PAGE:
SENIOR LEADERS ARE SAYING
"We have to assume that something unexpected will always happen, as history has proven. We will not be able to predict it, but rather plan for it. And we will do so by achieving these imperatives. We already are a fundamentally different Army than we were in September of 2001. We have adapted for the future and we will continue to be a more agile and versatile Army than ever before."
- Army Chief of Staff Gen. George W. Casey Jr., at the Army Leader Forum in the Pentagon, April 6, emphasizes that despite the Army being an enormous organization where culture is not always easily changed, it has accomplished a lot in the last three years.
Chief of Staff cites goals to be met in 2011
WHAT THEY'RE SAYING
"Encourage one another. Whatever dream you've got, I don't care how long it takes you. Fight. Fight for what you believe in. Fight for your goals. Fight for your aspirations. Do not give up. If you give up, you have nobody to blame but yourself. Don't give up. Smile on every note. Give it your all."
- Ron Henry, a 20-year Army veteran and part of 4TROOPS, a singing quartet of former Soldiers who honed their skills in the Army Entertainment Division, mentoring the current cast of 2010 U.S. Army Soldier Show performers to stick to their dreams.
4TROOPS mentor Soldier Show performers
Sexual Assault Awareness Month
Month of the Military Child
What is it?
With the pace of continuous combat operations in two wars for the past eight years, we are consuming our readiness as fast as we can build it. Reset restores returning units - their Soldiers, families, and equipment - to a level of readiness necessary for future missions. Our Reset plans include four goals - revitalize Soldiers and families to reestablish and strengthen relationships following deployments; repair, replace, and recapitalize equipment affected by the harsh environments of the war; retrain Soldiers, leaders, and units to build critical skills necessary to operate across the spectrum of conflict and applying the lessons learned from the reset pilot program.
What has the Army done?
We have improved our ability to reset our Soldiers, families, and equipment. Significant accomplishments in 2009 included:
• The Army completed the reset of 29 brigades' worth of equipment in FY09 and continued the reset of 13 more. In total, we have reset more than 98,000 pieces of equipment as depot production has doubled since Sept. 11, 2001.
• We began executing a responsible drawdown in Iraq which will redistribute, transfer, or dispose of 3.4 million pieces of equipment; redeploy 143,000 military and civilian personnel, and 147,000 contractors; close 22 supply support activities; and consume or dispose of over 21,000 short tons of supplies.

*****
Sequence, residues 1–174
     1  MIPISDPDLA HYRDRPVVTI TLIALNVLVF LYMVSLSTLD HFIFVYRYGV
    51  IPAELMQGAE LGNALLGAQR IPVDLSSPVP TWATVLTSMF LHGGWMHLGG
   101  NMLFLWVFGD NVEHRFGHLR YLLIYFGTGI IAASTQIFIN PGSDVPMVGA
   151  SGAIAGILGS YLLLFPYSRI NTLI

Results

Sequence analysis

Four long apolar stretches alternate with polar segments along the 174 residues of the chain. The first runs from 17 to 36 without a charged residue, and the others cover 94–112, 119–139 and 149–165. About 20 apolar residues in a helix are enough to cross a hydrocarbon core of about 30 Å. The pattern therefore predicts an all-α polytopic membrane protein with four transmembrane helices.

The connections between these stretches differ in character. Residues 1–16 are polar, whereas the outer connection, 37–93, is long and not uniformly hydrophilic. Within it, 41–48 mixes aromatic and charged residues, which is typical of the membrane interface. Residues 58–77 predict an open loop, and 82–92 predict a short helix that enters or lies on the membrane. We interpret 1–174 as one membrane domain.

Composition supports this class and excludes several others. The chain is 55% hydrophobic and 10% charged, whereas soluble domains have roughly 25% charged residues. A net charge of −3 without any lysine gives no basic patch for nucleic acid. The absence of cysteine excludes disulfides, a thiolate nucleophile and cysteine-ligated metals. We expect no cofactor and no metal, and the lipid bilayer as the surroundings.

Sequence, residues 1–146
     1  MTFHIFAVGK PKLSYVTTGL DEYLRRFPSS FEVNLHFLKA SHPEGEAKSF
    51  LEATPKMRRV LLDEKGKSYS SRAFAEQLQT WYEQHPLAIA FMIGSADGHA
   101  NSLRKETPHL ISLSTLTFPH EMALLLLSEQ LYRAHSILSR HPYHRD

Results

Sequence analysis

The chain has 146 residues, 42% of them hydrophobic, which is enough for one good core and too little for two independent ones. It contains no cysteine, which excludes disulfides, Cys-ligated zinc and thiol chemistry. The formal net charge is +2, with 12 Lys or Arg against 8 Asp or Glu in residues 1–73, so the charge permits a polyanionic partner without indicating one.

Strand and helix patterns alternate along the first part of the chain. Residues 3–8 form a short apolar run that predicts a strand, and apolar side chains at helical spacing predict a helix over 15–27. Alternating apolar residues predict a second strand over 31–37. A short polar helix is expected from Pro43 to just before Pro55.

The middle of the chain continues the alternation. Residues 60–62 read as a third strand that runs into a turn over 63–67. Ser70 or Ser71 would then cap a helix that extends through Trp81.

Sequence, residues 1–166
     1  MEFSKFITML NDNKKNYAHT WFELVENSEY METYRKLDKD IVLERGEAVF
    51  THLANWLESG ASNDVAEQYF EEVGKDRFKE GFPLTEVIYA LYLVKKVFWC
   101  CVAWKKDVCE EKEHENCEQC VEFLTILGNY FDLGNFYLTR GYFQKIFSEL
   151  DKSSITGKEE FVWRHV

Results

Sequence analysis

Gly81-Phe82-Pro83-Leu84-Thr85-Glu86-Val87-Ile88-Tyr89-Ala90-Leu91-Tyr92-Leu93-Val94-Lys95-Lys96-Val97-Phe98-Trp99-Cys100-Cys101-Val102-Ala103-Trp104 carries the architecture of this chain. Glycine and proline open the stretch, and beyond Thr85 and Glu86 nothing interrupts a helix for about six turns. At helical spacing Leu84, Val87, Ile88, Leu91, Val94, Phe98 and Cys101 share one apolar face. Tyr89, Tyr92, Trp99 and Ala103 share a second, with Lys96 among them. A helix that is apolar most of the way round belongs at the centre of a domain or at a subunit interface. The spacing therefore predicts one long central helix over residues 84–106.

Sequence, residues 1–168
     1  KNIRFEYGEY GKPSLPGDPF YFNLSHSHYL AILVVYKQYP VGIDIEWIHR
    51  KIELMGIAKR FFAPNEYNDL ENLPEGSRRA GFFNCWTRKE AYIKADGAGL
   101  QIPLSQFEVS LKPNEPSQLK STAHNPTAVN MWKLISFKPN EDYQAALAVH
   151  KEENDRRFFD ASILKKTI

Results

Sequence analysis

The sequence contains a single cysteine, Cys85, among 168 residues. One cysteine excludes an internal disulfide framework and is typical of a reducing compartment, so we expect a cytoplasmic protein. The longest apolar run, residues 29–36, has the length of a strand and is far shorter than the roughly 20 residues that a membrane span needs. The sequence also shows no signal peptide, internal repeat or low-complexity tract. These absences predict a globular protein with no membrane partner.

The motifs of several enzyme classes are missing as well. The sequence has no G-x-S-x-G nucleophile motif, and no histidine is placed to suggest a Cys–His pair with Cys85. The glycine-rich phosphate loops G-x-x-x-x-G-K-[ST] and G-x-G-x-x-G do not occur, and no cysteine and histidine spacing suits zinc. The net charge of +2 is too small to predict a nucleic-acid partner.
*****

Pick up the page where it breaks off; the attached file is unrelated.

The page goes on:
• In 2009, more than 160,000 Soldiers and family members participated in over 2,600 Strong Bonds events designed to strengthen Army families.
For more on what the Army has accomplished, see the Army Posture Statement Web site
What continued efforts does the Army have planned for the future?
Highlights from the FY11 President's Budget include:
• Provides $10.8 billion to reset Army equipment through the overseas contingency operations (OCO) request.
• Supports training and sustainment of Army forces to include individual skills and leader training; combined arms training toward full-spectrum operations; and adaptable, phased training based on the ARFORGEN process.
Why is this important to the Army?
Resetting the force is essential to an Army that is conducting continuous combat operations. Responsibly drawing down in Iraq while increasing our commitment of forces and equipment to Afghanistan will require unprecedented reset effort. Army Reset is a process that must continue not only while we have forces deployed, but an additional two to three years after major deployments end.
Army Posture Statement Web site
Related STAND-TO! editions
STAND-TO! Edition, March 4, 2010: 2010 Army Posture Statement
STAND-TO! Edition, March 17, 2010: Sustain
STAND-TO! Edition, March 31, 2010: Prepare
ABOUT THE ARMY
- Chief of Staff cites goals to be met in 2011 (The U.S. Army)
- An Army general goes home to West Chester (Philadelphia Inquirer)
- 'Don't Ask, Don't Tell' not necessary says Soldier (ABC News)
- 4TROOPS mentor Soldier Show performers (The U.S. Army)
- Suicide victim's wife speaks at Fort Hood (San Antonio Express News)
- U.S. transfers facilities to Iraqi control as drawdown continues (The U.S. Army)
- Corps of Engineers Gulf Region South furls flag (The U.S. Army)
- Afghan President Karzai's anti-Western remarks leave many guessing sincerity (Los Angeles Times)
- Pakistan weighs changes to revise constitution (New York Times)
- Opinion: How to save Afghanistan from Karzai (New York Times)
- Military can't find its copy of Iraq killing video (Washington Post)
- Gates says TRICARE won't be affected by healthcare reform (The U.S. Army)
- Vanishing history at Arlington Cemetery (Salon)
- Crackdown sought on nuclear material (Wall Street Journal)
- Opinion: Fake 'Don't Ask, Don't Tell' review? (Washington Times)
- Doctor studying possible PTSD treatment (Chicago Tribune)
- Joblessness hits male vets of current wars (USA Today)
- Iraq outrage over U.S. video killings (Al Jazeera)
- Afghan president Hamid Karzai 'mental stability' questioned (London Times)
- Barack Obama's radical review on nuclear weapons reverses Bush policies (The Guardian)
- U.S. 'approves killing' U.S.-born cleric Anwar al-Awlaki (BBC)
- Kyrgyzstan: four shot dead as thousands protest (London Daily Telegraph)
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